Part of why anxiety attracts so much stigma and shame in our society is because anxiety is so uncomfortable! Physically and emotionally! As someone who has developed a deep appreciation for anxiety and its value to our survival and well-being, I admit the experience of anxiety sucks! At times, it can even be excruciating. “Why does anxiety have to be so uncomfortable,” you may ask?
Well, first of all, anxiety would not effectively motivate us to fight or flee from danger if it weren’t so uncomfortable. Part of what makes anxiety so effective for our survival is our strong desire to alleviate the uncomfortable experience of anxiety. Therefore, anxiety naturally incites the urge to AVOID AVOID AVOID.
Also, at the heart of anxiety is vulnerability, a concept defined by Brenё Brown, researcher and leading expert on shame and vulnerability, as “uncertainty, risk, and emotional exposure.” We feel vulnerable when we’re anxious. In other words, we feel exposed, uncertain, seen, insecure, weak, inferior, and so on. This feeling of vulnerability tricks us into believing that anxiety renders us weak and unworthy, but it is simply not true. Vulnerability speaks shame loudly to us (e.g., “You’re not good enough!” “You’re not attractive!” “You’re a terrible parent!” “You can’t handle it!” “They see right through you!” “They see how flawed and broken you really are!”). These are, of course, lies, but painful and powerful, nonetheless.
Naturally, we want to hide and escape to stay safe and prevent being found out (e.g., isolate, drink, binge-watch a TV series, put on a stage face). Why wouldn’t we? Isn’t escaping easier? Absolutely! At least, in the short-term. In the long-term, we buy in to the belief that we’re weak, unworthy, and unable to do [you fill in the blank]. When we fall into this vicious cycle, we get stuck in our comfort zone, we never grow, and we feel very unfulfilled with life. This is the place where depression often overlaps with anxiety.
So how do we combat anxious vulnerability? We combat it with anxious courage. That is, instead of fearing and resisting your anxious vulnerability, own it, acknowledge its presence (because when we own it and acknowledge it, we dismantle its power over us), and do what you want to do WITH your anxious vulnerability.
Contrary to popular belief, courage is not mutually exclusive of anxiety or vulnerability. Courage is having anxious vulnerability and doing it anyway. In fact, courage flourishes in the midst of anxiety when we learn to channel our anxiety for good and authenticity. I have lived it, and I have witnessed it in all of my clients. I know it is possible for all of us, because we are all inherently worthy of courageous living.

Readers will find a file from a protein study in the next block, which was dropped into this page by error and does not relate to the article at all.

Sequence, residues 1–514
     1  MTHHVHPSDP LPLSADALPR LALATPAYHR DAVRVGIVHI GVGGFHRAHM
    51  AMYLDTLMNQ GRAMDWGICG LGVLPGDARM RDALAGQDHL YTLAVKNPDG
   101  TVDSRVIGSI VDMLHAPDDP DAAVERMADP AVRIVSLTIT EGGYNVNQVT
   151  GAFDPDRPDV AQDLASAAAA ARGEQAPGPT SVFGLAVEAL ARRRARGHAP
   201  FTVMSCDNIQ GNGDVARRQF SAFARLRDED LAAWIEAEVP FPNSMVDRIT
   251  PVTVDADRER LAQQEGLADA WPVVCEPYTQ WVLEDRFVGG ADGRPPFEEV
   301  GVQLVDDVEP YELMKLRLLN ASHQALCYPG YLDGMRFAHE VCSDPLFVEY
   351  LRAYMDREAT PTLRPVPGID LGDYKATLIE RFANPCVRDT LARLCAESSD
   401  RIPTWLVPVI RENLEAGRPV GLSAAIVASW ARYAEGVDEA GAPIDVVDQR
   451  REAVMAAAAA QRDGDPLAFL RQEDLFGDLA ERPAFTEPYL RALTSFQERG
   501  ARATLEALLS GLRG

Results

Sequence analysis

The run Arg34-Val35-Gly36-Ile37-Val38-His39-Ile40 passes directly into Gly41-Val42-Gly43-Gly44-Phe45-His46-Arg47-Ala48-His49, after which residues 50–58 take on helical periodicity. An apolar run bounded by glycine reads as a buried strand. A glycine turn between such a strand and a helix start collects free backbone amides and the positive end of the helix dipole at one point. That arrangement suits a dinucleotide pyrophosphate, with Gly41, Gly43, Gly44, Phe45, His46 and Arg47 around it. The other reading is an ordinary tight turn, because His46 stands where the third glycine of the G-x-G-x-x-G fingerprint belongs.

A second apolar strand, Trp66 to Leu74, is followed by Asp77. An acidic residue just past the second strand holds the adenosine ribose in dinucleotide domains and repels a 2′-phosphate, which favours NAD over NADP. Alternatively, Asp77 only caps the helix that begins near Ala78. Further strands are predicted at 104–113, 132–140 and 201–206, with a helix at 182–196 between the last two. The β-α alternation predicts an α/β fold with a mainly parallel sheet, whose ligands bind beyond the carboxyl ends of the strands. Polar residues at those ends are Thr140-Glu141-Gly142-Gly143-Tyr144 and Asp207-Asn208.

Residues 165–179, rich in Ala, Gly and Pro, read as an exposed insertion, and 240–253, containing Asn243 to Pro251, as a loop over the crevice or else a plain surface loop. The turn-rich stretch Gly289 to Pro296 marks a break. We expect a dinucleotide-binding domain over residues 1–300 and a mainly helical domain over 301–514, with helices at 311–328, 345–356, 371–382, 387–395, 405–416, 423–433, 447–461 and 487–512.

When you hear that loud, shaming voice of vulnerability, speak back to it louder. I post daily mantras and affirmations on my social media for this purpose. These can be used as tools to help us embrace anxious courage and ACT on our values and goals despite anxious vulnerability.
I am dedicated to helping people enhance courageous living defined by their values. I hope the message of today’s blog post is contagious. In fact, I encourage you to try at least one anxiously courageous act each day over the next week, even if its something as small as sending a text or letting someone see that your home isn’t perfectly spotless. Even committing to one anxiously courageous act each day can be life changing.
Since I have been talking a lot about values, next week’s blog post will include a discussion of defining values and using them as guides in courageous living. Until then,
Have courage and kind wishes!
Tannah E. Chase, Ph.D.
The Anxiety Counseling Clinic, P.L.L.C.
Barlow, D.H., Sauer-Zavala, S., Latin, H.M., Ellard, K.K., Bullis, J.R.,… Cassiello-Robbins, C. (2018). Unified protocol for transdiagnostic treatment of emotional disorders: 2nd Ed. New York, NY: Oxford University Press.
Brown, B. (2012). Daring greatly. New York, NY: Gotham Books.
Hayes, S.C. (2005). Get out of your mind and into your life. Oakland, CA: New Harbor Publications, Inc.